Q&A with Steven Pressfield discussion

Last of the Amazons

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message 1: by Richard (new)

Richard | 3 comments Dear Mr. Pressfield,

Thank you for your response to my previous post regarding the creative process. Several comments in other posts have raised additional questions for me.

As you have mentioned, we have very little about the Spartans. Nonetheless, I believe that your Gates of Fire presents the Spartans as they historically must have been in order to achieve military dominance on the Peloponnesus and maintain control of the helots in support of their unusual life style. In accomplishing this sympathetic view of the Spartans, it seems to me that your Gates of Fire follows in the historical tradition of Herodotus, Thucydides, and Xenophon, which looked at history as a literary attempt to give a reasonable account of what happened and why and not merely to repeat the "facts" in as droll a manner as possible. (Does anyone wonder why so many students dislike history?)

In reading Last of the Amazons, I found myself "buying in" to your description of their culture, motivation, and mindset. Insofar as they are mentioned in Greek literature, I think that they are far more likely to have existed than to have not (just as Schliemann was convinced that Troy was real, despite scholarly opinion in his day to the contrary). Thus, I found myself wondering, on the one hand, if the Amazons could have been very different from your description of them. On the other hand, I noticed that your Amazons seem to share cultural traits with the Scythians, Massagetai, and even the Mongolians and the warlike tribes of the American Great Plains. (All of whom, one supposes, might possibly be historically related if one goes back far enough.)

My first question, therefore, is to what extent do you believe that human nature is a settled thing such that it can only manifest itself, culturally, in particular ways (given circumstances, geography, religion, et cetera)? Secondly, in writing this book, did you consciously borrow traits from other (known) cultures in order to develop a convincing picture of Amazon culture or did you begin with your imagination of Amazon culture and find afterwards, that they were similar to other cultures? Finally, I am curious about the response to this book among your female readers (I imagine it has been positive, but I could also imagine that some might have found your warrior-women a bit more brutal than some might prefer to contemplate).

Any comments that you would care to make would be appreciated.

Very best regards,

Richard Arndt

message 2: by Jody (new)

Jody Kuchar (cunningstunt) | 5 comments Ah, this was my favorite book! I found it wonderful to read a book with characters so vividly drawn as a larger part of history.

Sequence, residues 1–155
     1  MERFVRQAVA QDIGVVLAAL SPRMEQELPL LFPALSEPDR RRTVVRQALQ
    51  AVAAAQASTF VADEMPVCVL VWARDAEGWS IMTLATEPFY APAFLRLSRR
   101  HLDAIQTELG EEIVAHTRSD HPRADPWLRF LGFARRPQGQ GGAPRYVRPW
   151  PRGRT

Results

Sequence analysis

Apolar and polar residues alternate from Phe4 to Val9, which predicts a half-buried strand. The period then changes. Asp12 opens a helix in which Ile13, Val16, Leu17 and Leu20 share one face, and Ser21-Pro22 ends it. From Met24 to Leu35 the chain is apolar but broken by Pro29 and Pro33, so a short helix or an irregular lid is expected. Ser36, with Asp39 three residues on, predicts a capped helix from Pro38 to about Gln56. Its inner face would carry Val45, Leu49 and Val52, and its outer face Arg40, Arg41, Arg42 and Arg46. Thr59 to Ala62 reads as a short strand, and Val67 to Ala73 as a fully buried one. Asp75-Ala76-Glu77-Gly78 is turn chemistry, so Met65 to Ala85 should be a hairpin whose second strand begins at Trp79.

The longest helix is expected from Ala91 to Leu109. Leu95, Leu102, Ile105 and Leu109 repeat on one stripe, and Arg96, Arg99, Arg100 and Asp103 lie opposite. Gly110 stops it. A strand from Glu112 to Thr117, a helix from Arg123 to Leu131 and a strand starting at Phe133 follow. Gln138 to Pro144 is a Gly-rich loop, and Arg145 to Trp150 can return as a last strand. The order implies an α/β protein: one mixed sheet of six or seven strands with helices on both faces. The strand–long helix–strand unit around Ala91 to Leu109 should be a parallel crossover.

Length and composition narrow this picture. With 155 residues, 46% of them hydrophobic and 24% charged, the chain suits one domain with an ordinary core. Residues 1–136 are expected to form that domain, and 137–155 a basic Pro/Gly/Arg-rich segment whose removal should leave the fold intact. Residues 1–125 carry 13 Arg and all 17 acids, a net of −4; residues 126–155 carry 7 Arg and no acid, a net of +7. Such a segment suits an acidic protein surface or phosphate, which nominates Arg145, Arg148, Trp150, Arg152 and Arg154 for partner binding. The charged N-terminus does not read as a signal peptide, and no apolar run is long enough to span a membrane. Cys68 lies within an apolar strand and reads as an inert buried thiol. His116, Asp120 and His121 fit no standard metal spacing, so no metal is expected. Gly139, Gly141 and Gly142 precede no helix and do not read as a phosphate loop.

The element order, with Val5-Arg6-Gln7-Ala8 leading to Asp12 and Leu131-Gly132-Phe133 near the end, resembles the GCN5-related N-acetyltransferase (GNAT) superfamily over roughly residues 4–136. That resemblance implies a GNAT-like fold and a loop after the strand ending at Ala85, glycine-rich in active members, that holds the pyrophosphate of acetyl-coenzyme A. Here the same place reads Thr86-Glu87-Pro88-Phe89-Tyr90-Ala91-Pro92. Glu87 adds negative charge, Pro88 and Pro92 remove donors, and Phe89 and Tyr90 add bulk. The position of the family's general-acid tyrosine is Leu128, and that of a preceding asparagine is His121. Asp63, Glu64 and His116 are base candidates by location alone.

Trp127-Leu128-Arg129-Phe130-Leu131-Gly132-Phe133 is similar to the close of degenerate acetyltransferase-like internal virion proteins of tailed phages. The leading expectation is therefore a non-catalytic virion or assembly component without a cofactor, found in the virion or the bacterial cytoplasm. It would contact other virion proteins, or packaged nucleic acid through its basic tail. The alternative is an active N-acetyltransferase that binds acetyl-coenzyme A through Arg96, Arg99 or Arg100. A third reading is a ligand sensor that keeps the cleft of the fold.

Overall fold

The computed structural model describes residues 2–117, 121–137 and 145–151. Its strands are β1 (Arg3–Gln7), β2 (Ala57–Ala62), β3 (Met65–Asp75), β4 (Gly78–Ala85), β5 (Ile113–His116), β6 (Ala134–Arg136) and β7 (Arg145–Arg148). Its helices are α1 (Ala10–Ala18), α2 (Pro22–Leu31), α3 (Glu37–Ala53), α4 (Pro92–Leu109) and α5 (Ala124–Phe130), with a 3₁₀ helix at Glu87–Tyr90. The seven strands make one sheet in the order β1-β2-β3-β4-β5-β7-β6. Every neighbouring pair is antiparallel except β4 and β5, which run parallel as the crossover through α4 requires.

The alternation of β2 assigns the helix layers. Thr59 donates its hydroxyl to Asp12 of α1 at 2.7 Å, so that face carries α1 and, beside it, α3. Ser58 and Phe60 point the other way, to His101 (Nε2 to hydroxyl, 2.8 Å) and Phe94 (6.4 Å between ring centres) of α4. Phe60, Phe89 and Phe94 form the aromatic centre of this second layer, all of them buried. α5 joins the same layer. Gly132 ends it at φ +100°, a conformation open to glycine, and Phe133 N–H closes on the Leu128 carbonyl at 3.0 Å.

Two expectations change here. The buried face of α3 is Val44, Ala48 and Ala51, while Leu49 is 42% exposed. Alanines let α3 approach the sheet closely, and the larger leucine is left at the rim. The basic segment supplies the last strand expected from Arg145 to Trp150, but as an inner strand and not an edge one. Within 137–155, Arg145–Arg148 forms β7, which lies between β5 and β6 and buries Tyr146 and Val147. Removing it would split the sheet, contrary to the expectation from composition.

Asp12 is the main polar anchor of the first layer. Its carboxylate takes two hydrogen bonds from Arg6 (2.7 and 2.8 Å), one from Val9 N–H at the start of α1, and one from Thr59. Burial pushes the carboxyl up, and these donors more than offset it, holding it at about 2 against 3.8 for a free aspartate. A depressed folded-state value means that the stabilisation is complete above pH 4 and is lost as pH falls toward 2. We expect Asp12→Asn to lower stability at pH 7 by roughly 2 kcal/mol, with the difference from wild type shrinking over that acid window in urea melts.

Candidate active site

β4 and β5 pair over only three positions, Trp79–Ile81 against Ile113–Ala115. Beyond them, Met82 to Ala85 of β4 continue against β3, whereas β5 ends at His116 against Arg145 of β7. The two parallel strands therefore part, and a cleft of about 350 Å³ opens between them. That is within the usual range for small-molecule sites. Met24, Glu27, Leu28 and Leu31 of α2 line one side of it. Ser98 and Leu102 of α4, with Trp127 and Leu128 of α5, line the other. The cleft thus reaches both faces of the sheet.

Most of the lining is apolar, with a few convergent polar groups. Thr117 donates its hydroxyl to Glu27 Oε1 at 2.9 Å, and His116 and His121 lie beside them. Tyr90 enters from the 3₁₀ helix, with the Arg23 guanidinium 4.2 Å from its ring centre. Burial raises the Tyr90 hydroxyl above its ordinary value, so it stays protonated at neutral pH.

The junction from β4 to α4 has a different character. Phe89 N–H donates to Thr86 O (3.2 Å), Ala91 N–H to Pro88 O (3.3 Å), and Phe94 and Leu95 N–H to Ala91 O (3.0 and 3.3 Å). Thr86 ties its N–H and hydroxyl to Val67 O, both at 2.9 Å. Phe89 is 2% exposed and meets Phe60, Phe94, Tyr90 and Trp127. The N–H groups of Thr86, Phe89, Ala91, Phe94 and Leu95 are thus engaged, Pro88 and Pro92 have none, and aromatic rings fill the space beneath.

It is difficult for even great writers to portray characters of the opposite gender in a convincing manner.
Being an ancient history freak, I found "The Last of the Amazons" to be quite in tune with the recent discoveries of warrior woman tombs in Mongolia.

The book also gave the character of Thesus a humanity that one of my favorite authors (Mary Renault) could not do in "The King Must Die."

As far as cultural similarities, the Neolithic mind formed archetypal "hard wiring" long before tales of Amazons, Centaurs and Bull rites were recorded history. I love the idea of Amazons possessing the same traditions of "sisterhoods", as soldiers of all ages have put ultimate value in.

message 3: by Steven (new)

Steven (stevenpressfield) | 47 comments Mod
Excellent questions, Richard. To the first, I'd say yes indeed, I do believe that human nature is a settled thing, as you say, that seems to manifest itself in the same ways over and over again in different cultures, e.g. tribal societies of ancient ages and contemporary urban gangs. And yes, in writing "Amazons," I very deliberately and consciously used models of other cultures, particularly the horse cultures of the American Indians of the West. As to response from female readers, there have been two types: very enthusiastic responses from women who can relate to the Amazons and who feel that that side of the feminine soul has been underexpressed and underappreciated, and tepid to antagonistic from those who are more traditional. Basically they just tune the story out. Thanks for the terrific questions!

message 4: by Steven (new)

Steven (stevenpressfield) | 47 comments Mod
Thanks, Jody. Of course I'm only a guy and what do I know, but I really believe that that warrior sisterhood is a part of the feminine psyche that's been buried under centuries of male domination, brainwashing, "feminization," etc. It's not all Manolos and "Sex and the City!"

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